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Brezilya Panoraması

Brezilya Panoraması

Brazil has grown over the last decade,  as  a  result  of  the boom  in  commodity  prices and  strong  household  consumption.  The  country endured  the  2008-2009 crisis,  thanks  to  liquidity  injections  from  public banks.  The  ratio  of  total  credit  to  GDP  rose significantly  during  the  6  ears  from  2008  to 2014,  from  39.7  %  to  54.7  %.  Moreover, benchmark  Selic  interest  rates  fell  to  their historic  lowest  level,  to  7.25  %  a.y.  in  October 2012. This improvement in credit conditions is in perfect  synergy  with  the  country’s  emerging middle  class.  However  this  movement  was  not followed  on  the  supply side.  Industry  became increasingly  vulnerable  to  imports,  due  to  the combination of Brazil’s weak infrastructure and high production costs. These weaknesses  were particularly  associated  with  the  country’s  labour force, as salaries increased well above productivity during the period


The government attempted to contain industry hemorrhaging by temporarily reducing taxes on sensitive sectors. However this succeeded only as a palliative measure and was not enough to boost activity, let alone to encourage investments. Activity has lost rhythm in recent years, as Brazil’s consumption-based growth model reached exhaustion and commodity prices declined. By 2014, it was clear that major changes to the economic model needed to be implemented - notwithstanding the fact that there would be presidential election in October of the same year. GDP growth stood at a meager 0.1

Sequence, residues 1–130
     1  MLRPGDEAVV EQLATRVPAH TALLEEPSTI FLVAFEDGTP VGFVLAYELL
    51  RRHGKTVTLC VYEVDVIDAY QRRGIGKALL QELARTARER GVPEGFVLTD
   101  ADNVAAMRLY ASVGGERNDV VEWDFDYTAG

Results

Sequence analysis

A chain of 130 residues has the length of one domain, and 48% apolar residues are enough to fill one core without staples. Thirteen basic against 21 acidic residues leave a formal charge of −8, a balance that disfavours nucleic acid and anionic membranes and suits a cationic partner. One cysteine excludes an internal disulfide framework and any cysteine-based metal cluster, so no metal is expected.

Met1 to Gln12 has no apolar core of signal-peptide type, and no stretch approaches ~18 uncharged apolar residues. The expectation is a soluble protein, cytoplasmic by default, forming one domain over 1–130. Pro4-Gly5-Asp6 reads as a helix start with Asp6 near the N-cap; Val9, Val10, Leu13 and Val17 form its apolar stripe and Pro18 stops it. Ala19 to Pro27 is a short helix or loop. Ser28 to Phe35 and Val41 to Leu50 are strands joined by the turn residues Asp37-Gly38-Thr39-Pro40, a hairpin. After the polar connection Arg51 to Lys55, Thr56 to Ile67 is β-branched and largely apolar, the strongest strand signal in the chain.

% in 2014, due to repressed inflation (artificially low energy and oil prices) and increasing public expenses (+ 1.3 %).

The year of 2015 began with Dilma Rousseff´s second Presidential term. She won the election, but was faced with a much tougher battle: to control inflation and the marked deterioration in public accounts. As yet, the government has failed to improve macroeconomic fundamentals. In early September, Standard & Poor’s downgraded Brazil to junk status. Coface also reviewed down the country risk assessment, from A4 to B (see table 1). The reasons leading to this decision will be more intensively explored within the first section of this panorama. The second section of this updated sector barometer reveals the effects of the recession, on a sector by sector basis. This information is based on Coface’s examination of the financial performances of companies in different industries, highlighting where risks have increased and where they have remained stable. Unsurprisingly, no segments reported improvements. Three industries - the automotive, construction and steel industries - were downgraded from high risk, to very high risk.

Bu yayını indir : Brezilya Panoraması (720,55 kB)



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